January 2024 – Top 10 California Laws, Regs for 2024
EVERY YEAR, bills passed by the state Legislature and signed into law by the governor take effect, and 2023 was a busy legislative session in Sacramento. The end result is another set of new laws that employers need to stay on top of in the New Year.
1. Sick leave law expanded
A new law that took effect Jan. 1 increased the amount of paid sick leave days California workers are eligible for to five days (40 hours), up from the current three, or 24 hours.
The new legislation applies to virtually all employees in the state. Under the law, businesses have two options for providing sick leave:
Up front: They can provide all five paid sick days up front for the year, and these days can be used immediately.
Accrual: They can build up paid sick leave by either accruing one hour of leave for every 30 hours worked, or providing 40 hours of leave by the 200th day of the year.
2. Pre-employment cannabis screening
Employers in California are no longer allowed to ask a job applicant about past cannabis use. The legislation, SB 700, bars employers from conducting pre-employment drug screenings for cannabis. In addition, the new law, which took effect Jan. 1, prohibits companies from penalizing workers for their off-the-clock cannabis use. Another measure, AB 2188, makes it unlawful for employers to “discriminate” against a person for failing a workplace drug test that only detects inactive cannabis compounds called metabolites.
3. FAIR Plan increases its limits
With more and more California businesses being forced to go to the California FAIR Plan for their property coverage, the market of last resort has increased its commercial property coverage limits to $20 million per location from the previous $8.3 million. This should bring a semblance of relief to companies located in wildfire-prone areas, who have seen their commercial
property insurance non-renewed and who have been unable to find replacement coverage.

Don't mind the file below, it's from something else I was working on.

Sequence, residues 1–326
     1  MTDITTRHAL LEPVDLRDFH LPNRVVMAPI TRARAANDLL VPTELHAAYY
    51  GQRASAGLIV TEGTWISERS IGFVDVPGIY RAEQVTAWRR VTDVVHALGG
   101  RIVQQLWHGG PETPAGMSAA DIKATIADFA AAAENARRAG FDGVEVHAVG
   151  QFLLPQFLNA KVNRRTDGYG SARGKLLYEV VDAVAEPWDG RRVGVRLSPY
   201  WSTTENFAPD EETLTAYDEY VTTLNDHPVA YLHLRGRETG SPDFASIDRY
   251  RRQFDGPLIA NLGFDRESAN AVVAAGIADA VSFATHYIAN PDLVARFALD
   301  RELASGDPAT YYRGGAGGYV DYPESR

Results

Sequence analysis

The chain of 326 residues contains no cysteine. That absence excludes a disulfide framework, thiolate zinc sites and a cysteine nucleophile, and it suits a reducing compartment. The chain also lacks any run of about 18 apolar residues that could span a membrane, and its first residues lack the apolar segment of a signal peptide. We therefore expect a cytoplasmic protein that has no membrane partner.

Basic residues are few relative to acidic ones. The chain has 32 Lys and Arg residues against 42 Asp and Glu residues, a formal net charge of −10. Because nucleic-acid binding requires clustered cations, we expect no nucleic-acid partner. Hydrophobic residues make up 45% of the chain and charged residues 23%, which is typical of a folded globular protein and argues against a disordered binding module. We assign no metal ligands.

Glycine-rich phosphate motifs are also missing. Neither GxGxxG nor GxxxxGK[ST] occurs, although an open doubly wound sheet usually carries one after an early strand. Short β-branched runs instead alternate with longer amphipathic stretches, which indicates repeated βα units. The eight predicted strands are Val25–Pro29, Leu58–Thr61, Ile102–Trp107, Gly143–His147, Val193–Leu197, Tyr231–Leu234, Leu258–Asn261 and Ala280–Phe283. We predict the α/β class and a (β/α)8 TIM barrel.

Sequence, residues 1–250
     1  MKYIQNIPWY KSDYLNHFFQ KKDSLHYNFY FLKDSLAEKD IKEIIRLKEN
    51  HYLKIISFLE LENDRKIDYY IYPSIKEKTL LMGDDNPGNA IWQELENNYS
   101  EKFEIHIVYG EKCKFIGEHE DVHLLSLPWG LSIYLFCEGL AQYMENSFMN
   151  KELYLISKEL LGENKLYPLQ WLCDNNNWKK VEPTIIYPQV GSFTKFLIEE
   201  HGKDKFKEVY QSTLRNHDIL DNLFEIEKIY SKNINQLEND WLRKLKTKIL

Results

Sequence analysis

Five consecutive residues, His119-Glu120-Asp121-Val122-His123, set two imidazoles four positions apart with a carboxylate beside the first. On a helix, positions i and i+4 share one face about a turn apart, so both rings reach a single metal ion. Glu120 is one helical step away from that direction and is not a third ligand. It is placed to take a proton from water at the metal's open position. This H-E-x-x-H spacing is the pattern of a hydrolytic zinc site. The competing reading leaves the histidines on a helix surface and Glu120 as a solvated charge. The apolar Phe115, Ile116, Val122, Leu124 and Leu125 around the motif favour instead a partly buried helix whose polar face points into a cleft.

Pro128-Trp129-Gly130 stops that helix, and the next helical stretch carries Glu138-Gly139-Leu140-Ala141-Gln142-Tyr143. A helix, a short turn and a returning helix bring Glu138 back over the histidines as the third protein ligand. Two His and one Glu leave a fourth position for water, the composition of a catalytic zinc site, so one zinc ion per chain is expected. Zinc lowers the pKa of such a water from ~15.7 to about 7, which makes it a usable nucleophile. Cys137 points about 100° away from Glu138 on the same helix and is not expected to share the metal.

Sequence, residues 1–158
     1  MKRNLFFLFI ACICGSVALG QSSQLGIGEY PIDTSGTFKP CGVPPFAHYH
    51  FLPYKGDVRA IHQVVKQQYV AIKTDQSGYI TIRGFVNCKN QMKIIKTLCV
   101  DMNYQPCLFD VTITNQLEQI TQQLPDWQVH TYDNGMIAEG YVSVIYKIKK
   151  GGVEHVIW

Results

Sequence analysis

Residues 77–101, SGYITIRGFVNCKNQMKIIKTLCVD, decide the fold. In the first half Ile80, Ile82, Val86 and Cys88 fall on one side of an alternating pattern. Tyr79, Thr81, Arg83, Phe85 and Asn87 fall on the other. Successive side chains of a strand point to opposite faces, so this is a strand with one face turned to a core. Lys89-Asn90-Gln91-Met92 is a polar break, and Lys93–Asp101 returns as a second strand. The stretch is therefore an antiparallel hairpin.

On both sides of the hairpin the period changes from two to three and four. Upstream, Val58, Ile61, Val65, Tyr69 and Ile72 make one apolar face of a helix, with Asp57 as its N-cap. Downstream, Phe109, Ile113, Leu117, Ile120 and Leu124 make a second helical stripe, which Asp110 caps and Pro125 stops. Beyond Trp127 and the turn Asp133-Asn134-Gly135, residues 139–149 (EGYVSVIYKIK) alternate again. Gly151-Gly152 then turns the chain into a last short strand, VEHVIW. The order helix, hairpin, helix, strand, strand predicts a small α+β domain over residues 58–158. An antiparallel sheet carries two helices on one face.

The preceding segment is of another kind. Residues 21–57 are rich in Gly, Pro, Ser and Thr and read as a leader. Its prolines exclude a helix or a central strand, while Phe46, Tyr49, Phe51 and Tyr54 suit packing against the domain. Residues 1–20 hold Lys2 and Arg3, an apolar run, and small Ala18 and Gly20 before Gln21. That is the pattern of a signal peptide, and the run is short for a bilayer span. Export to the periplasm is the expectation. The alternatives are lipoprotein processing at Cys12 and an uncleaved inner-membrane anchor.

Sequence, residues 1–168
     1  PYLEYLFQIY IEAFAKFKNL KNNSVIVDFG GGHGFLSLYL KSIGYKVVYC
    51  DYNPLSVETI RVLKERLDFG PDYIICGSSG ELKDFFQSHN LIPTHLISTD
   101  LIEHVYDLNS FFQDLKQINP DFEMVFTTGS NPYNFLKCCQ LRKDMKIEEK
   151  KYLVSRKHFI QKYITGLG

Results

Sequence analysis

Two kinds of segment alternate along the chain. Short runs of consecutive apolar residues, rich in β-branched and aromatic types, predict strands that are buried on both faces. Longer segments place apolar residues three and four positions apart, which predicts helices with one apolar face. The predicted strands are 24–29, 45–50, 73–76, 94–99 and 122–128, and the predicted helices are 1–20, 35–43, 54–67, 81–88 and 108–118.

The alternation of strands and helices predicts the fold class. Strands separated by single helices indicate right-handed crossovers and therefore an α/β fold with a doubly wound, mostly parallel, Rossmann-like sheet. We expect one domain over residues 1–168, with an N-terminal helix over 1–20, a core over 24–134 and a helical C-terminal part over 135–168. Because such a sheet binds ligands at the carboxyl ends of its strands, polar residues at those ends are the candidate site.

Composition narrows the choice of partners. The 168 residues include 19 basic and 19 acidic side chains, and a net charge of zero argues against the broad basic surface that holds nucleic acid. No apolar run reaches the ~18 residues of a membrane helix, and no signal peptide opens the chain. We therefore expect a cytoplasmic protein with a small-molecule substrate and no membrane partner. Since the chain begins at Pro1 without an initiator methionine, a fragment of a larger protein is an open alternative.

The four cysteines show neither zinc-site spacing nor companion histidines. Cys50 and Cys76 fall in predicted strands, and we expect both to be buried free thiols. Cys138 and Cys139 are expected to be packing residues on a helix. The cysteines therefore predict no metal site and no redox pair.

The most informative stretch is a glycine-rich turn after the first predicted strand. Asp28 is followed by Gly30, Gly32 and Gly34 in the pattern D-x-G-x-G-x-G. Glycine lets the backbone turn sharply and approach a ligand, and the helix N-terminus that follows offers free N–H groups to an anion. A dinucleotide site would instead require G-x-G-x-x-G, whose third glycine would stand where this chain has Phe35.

4. Workplace violence law
A new law, which takes effect July 1, requires employers with at least one worker to have in place a workplace violence prevention plan, and conduct workplace violence prevention training
and keep a log of violent incidents in the workplace.
The prevention plan must include:
• Procedures for the employer to accept and respond to reports of workplace violence.
• Procedures to communicate with employees regarding workplace violence.
• Procedures for responding to workplace violence emergencies.
Employers will also be required to train their workers on the plan and on how to respond to violent incidents or threats of violence.
5. Treasury reporting rule
A new Treasury Department rule requires businesses with fewer than 20 employees and less than $5 million in revenue to report ownership and control information to the Financial Crimes
Enforcement Network (FinCEN) as part of an effort to cut down on fraud, money laundering and the funding of terrorism that could run through anonymous business entities.
The new rule was prompted by the passage of the Corporate Transparency Act enacted in 2021, but which took effect Jan. 1. Companies formed after Jan. 1 will have 30 days to file that
information with FinCEN. Existing companies will have to start filing that information starting Jan. 1, 2025.
6. No more non-competes
Under two new laws, non-compete agreements with employees are expressly illegal starting in 2024 and if an employer requires one be signed, it could provide grounds for a lawsuit by the worker. Here’s a rundown of the two laws: